Art Trip: Care for Canadian women artists? Buy more work by them. About two years ago, the Canadian Embassy in Washington conducted an inventory of the artworks displayed across its six floors. The audit showed that of the 180 total pieces assembled there, just one-third were made by women artists. The phenomenon is, sadly, typical of many institutional art collections, both at home and abroad. Fortunately, for institutions that care to address the problem, the remedy is painfully straightforward: Buy more work by women artists.  At their own discovery, embassy staff made it their goal “to get to parity,” says public affairs counsellor Denis Chouinard. The exhibition A New Light – on view to the public through April 30 – presents 38 works by 27 Canadian women artists, drawn from the Global Affairs Visual Art Collection, the Canada Council Art Bank and the Scotiabank Fine Arts Collection.  Globe & Mail, March 18, 2020

American Alliance of Museums Asks Congress to Allot $4B for Nonprofit Museums.   As the COVID-19 pandemic continues, the cultural sector battles unprecedented financial blows, with major museums across the world indefinitely shutting their doors to visitors in an effort to contain the novel coronavirus. In a letter dated yesterday, March 18, museum leaders across the United States wrote to US Congress and Senate leaders requesting Congress allocate at least $4 billion to nonprofit museums in the United States.  Hyperallergic, March 20, 2020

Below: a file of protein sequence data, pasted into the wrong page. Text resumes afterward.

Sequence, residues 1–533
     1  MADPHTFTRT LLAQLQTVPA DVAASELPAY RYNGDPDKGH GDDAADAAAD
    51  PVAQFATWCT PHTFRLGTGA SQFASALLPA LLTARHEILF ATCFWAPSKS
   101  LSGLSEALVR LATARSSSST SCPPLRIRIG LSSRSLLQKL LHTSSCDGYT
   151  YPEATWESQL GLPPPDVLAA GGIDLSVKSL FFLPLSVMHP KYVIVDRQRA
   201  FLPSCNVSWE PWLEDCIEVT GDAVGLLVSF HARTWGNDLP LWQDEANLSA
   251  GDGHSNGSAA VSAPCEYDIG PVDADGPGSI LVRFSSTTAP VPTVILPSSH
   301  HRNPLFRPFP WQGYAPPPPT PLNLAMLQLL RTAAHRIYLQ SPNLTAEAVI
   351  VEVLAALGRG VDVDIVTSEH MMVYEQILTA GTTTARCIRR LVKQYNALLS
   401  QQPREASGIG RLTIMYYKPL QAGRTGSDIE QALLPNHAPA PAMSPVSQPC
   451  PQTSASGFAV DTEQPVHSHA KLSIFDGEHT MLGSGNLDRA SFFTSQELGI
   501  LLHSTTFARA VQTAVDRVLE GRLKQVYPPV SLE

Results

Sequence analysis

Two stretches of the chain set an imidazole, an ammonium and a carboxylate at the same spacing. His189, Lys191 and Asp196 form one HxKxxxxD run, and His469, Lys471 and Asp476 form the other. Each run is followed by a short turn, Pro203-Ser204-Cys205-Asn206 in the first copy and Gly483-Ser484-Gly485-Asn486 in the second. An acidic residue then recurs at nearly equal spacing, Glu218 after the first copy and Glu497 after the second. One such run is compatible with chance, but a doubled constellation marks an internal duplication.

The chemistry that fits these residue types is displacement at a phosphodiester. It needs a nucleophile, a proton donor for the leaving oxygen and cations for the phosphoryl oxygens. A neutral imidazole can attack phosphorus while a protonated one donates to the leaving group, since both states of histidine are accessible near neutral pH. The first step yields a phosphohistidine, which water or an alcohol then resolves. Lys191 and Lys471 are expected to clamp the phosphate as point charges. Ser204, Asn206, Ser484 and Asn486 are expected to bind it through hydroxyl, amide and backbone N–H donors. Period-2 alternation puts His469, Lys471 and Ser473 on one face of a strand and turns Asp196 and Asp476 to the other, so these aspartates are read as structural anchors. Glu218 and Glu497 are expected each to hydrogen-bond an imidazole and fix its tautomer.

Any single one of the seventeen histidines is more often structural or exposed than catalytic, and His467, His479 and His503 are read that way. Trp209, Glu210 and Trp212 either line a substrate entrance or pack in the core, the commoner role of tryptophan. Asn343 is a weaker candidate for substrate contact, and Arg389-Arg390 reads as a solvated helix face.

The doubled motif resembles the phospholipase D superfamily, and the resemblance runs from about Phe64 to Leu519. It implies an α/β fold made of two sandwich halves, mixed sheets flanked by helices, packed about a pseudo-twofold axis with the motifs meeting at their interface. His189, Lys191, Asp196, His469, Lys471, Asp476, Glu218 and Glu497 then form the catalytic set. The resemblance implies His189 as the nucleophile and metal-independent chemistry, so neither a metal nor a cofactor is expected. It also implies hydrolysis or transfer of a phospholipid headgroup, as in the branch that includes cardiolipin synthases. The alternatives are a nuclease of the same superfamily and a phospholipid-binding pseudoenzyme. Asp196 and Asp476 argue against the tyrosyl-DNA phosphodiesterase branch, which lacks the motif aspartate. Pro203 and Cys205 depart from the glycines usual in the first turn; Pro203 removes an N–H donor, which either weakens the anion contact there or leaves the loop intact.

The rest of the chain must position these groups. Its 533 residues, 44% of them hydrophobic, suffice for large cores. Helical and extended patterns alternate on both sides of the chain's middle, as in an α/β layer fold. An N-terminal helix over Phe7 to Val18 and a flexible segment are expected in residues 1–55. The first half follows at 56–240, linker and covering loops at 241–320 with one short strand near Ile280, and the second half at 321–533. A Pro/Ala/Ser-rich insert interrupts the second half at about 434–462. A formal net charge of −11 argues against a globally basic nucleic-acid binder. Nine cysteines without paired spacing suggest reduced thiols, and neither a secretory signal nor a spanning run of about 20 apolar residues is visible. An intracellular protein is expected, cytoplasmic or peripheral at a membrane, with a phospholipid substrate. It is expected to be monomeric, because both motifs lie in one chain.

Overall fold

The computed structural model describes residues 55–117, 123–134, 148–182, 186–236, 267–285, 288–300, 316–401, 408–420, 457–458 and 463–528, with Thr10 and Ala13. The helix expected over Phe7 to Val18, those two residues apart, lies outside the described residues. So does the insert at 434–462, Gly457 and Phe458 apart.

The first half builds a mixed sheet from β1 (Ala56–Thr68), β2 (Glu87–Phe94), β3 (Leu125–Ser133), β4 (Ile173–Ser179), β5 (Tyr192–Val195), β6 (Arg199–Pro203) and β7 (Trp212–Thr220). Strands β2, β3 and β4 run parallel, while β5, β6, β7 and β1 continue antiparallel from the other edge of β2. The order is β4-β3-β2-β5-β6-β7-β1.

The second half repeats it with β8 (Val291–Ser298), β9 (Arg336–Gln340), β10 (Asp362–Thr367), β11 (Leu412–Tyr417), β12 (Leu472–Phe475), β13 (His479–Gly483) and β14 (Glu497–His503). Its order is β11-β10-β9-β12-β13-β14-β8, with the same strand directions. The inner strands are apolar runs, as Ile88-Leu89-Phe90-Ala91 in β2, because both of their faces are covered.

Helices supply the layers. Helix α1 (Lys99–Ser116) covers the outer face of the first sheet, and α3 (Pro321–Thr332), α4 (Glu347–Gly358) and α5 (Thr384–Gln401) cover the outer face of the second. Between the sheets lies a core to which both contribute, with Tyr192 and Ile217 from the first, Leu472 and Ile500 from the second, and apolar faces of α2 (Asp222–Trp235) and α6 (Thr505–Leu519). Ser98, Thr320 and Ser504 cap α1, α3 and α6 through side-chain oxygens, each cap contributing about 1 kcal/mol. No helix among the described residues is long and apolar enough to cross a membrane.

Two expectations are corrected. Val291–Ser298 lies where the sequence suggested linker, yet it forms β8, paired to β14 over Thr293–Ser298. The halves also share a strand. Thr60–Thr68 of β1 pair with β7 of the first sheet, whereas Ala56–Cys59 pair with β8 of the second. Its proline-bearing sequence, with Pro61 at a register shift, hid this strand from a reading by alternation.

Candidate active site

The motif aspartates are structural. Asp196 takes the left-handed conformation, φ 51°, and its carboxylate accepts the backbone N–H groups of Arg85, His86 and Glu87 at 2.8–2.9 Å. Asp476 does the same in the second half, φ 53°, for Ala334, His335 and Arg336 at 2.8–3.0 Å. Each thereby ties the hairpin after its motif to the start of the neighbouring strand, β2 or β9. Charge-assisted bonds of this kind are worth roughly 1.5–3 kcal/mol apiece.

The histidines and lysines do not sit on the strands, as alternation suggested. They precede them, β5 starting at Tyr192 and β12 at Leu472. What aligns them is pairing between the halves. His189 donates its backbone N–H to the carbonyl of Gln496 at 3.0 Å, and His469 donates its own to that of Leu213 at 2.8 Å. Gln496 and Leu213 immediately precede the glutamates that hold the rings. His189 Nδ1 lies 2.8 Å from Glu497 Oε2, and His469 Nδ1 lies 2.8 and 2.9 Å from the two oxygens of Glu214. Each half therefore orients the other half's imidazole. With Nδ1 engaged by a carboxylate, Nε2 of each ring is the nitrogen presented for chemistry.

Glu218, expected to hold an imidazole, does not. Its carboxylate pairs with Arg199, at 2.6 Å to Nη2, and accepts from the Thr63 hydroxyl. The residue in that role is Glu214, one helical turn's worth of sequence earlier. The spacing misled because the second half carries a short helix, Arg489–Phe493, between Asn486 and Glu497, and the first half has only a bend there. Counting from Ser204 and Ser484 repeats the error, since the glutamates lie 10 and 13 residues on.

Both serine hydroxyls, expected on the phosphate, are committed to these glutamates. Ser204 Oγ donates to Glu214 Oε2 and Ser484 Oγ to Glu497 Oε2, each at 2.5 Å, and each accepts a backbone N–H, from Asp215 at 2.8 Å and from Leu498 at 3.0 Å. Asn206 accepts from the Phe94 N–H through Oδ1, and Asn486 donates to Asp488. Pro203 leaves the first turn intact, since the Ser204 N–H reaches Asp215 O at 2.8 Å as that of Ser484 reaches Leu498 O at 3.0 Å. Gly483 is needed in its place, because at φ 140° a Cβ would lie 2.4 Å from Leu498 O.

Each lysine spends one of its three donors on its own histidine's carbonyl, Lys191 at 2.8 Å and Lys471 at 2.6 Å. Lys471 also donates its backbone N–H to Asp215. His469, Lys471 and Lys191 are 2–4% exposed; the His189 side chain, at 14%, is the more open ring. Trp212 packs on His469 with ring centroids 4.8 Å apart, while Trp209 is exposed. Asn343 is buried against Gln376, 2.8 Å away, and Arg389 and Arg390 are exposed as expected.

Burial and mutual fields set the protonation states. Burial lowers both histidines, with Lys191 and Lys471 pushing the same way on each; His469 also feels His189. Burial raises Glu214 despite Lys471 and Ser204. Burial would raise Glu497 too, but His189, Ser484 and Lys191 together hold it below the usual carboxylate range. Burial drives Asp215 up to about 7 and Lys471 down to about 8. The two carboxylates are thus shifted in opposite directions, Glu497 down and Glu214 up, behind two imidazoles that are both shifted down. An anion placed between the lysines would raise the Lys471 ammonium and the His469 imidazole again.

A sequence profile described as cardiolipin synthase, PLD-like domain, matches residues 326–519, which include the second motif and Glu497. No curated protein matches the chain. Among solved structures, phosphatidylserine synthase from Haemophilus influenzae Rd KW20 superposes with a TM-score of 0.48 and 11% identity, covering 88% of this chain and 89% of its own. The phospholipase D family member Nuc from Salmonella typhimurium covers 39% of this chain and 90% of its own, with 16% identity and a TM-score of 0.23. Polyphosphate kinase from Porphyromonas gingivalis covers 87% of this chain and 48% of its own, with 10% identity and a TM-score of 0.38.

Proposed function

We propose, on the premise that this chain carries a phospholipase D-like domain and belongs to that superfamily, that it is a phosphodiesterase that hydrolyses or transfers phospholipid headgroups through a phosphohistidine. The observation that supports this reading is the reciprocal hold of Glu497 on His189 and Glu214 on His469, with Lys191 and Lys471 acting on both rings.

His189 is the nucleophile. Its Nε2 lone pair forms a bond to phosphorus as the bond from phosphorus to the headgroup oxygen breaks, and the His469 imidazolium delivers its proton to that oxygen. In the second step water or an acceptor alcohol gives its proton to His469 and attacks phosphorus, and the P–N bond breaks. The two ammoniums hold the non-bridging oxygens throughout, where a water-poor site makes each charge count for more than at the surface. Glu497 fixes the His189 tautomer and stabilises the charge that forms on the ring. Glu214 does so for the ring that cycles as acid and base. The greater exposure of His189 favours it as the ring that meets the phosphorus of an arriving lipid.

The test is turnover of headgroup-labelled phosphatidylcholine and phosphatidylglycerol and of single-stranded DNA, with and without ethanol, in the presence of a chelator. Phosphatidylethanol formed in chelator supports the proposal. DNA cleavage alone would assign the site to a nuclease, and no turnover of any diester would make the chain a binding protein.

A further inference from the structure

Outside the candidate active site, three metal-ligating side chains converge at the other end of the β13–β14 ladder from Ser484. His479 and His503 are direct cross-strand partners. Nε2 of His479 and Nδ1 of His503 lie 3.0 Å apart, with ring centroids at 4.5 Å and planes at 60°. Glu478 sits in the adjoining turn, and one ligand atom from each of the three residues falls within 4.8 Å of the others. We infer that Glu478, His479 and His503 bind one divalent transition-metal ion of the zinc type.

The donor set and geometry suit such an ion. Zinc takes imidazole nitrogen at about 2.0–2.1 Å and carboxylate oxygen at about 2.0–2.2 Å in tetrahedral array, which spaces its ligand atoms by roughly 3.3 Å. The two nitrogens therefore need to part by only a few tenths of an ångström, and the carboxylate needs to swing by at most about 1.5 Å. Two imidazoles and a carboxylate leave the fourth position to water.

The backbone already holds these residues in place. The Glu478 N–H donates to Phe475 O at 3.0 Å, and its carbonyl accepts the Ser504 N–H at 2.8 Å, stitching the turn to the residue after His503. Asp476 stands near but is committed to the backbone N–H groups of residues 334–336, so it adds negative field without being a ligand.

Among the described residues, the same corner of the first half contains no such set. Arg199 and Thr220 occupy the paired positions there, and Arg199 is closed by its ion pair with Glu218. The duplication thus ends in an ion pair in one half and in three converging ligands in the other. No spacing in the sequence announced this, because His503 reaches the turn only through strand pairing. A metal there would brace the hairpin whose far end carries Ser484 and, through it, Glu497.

Museum freelancers to sector: ‘Fight for us’  Museum freelancers are urging organisations to stand up for them as debate over supporting self-employed workers during the coronavirus outbreak continues. A joint statement from the five major sector organisations – the Museum’s Association, National Museum Directors’ Council, Association of Independent Museums, Heritage Alliance and National Trust – says measures to mitigate the virus’ spread, while necessary, means organisations will “suffer economically, placing jobs and likelihoods at risk”. It notes that “irreplaceable” collections are at risk, “as well as the highly valued work we do in engaging people in their history”. Arts Professionals, March 23, 2020


‘The city gives you the time to find inspiration’: Why Canadian artists are flourishing in Berlin.   Ask AA Bronson why he loves to live and work in Berlin, and he points out the window of his apartment. The celebrated Canadian artist and founding member of the groundbreaking arts collective General Idea lives in a spacious, sun-drenched flat in one of the poshest neighbourhoods in the city – the kind of place budding artists might picture when they squeeze their eyes shut and dream. Across the gallery-filled street is a building where some of the apartments are set aside for people living with disabilities. “Anywhere else, this would be two separate worlds,” he says. “’I love Berlin, I love the horizontal equality of everything.” Globe & Mail, March 19, 2020